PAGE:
[sc:internet-category ]I’ve been using OpenVPN Access Server for quite a while, I set it up on port 8080 as I already had my Exchange server using port 443 on my router. This wasn’t much of an issue as 8080 is pretty common and isn’t blocked very often.
However when I had to replace my DOCSIS cable modem recently I had to upgrade to the “wireless” router model and it used port 8080 as part of its administration interface.
Finding another common port that didn’t get blocked seemed like a challenge, so I decided to see if I could setup Apache as a reverse proxy in front of Exchange and OpenVPN.
Turns out there is an even easier option. OpenVPN supports a mode where it sits in front of another web server, any OpenVPN connections are handled by OpenVPN and everything else is just passed through to the web server.
This article, while short get’s to the point pretty quickly.
As I used a UCC SSL cert for my VPN/Web server I didn’t expect there to be any certificate issues with connections.
As I’m using the Access Server (AS) VM I didn’t want to mess around with the start scripts and config files, fortunately AS provides an option to add extra configuration lines through the web interface. Simply go to “web admin->Advanced VPN->Additional OpenVPN Config Directives (Advanced)->Server Config Directives”, add the following line:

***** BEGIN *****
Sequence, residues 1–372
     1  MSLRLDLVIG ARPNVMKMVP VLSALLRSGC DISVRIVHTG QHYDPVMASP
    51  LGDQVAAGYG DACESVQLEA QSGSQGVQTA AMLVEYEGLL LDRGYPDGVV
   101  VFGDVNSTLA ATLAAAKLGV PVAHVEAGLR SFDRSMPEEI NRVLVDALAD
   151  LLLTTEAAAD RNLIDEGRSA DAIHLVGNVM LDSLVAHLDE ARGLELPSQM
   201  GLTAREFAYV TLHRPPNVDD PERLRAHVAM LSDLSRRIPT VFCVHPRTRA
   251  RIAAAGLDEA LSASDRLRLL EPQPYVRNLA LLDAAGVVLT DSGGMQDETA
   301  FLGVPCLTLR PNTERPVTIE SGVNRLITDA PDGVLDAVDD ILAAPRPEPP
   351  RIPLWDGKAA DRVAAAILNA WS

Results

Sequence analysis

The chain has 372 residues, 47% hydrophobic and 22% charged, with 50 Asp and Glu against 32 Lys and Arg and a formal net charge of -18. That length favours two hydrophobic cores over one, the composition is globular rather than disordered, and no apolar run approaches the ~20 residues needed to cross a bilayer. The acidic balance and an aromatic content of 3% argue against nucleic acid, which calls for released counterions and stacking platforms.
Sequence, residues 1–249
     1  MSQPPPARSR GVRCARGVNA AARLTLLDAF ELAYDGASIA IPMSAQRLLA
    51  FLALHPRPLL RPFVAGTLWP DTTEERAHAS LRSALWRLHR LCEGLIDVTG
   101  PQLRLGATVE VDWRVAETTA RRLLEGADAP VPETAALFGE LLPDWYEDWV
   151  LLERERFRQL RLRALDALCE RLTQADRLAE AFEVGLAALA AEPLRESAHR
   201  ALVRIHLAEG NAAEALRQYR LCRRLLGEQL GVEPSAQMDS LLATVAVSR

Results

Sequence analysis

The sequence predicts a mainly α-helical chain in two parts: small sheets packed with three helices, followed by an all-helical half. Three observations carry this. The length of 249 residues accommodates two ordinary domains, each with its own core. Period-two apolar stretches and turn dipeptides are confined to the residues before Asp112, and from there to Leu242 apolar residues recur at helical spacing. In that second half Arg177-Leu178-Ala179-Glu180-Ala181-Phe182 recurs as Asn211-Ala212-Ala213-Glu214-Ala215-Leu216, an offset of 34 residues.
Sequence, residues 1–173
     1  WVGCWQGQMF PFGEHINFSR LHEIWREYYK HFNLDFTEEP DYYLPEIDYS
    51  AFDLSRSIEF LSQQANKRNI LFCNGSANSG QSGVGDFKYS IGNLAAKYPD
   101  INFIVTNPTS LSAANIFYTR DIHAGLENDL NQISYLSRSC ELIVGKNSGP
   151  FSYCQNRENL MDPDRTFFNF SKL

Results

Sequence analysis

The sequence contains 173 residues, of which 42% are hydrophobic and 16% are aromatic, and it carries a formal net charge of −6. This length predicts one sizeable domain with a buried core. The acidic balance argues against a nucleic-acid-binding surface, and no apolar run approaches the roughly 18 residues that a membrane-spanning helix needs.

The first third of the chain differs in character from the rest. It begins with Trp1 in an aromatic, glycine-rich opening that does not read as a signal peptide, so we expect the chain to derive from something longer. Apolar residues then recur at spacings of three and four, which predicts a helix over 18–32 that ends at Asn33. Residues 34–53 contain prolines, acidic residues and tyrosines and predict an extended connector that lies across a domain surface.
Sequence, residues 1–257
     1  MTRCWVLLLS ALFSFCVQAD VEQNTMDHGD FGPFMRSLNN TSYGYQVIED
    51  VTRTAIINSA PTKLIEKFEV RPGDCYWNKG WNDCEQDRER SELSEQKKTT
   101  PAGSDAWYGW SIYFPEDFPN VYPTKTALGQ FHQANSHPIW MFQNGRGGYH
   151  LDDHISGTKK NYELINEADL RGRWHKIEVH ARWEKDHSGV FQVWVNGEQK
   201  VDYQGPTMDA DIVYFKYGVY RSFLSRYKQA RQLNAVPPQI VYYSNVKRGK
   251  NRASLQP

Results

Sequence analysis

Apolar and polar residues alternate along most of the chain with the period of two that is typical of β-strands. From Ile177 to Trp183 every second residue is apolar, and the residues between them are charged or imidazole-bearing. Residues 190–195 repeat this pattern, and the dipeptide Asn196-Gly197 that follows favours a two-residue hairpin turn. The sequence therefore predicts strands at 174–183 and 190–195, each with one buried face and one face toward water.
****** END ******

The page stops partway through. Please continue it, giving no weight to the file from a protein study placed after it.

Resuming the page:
“port-share xxx.xxx.xxx.xxx 443”
This enables the port sharing mode and redirects the traffic to port 443 on the supplied IP address. After restarting the services, connecting to the AS on port 443 brought up my web server instead of the AS, as expected. One thing this does limit is that you can no longer access the AS web interface for downloading the client or profiles. Not a big deal, but something to be aware of.
Another thing to be aware of, that isn’t document very well is that port sharing only works across UDP. More to the point, you have to set AS to use TCP only, you cannot use the “both” setting or an error is generated during the service start-up and AS fails to run.
The next step was to connect to the VPN and test to make sure it still worked. Using my laptop to connect from within my network failed, the connection would start to set up and then give a disconnect error.